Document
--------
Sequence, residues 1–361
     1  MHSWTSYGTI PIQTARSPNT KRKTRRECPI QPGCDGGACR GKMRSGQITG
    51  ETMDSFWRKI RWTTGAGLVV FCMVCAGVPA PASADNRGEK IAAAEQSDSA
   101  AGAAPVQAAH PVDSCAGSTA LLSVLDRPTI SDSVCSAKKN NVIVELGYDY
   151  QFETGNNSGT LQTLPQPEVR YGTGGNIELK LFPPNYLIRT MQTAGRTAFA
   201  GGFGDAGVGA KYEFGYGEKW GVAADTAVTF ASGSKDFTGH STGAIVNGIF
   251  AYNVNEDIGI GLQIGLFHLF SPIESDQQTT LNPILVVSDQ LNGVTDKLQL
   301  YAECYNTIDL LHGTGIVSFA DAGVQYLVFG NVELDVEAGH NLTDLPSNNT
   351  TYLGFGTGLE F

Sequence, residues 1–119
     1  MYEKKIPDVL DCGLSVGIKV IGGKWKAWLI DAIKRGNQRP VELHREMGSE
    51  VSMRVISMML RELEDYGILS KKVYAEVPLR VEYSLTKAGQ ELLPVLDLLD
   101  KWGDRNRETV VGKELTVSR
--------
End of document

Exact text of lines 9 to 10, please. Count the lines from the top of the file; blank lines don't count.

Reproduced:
   351  TYLGFGTGLE F

Sequence, residues 1–119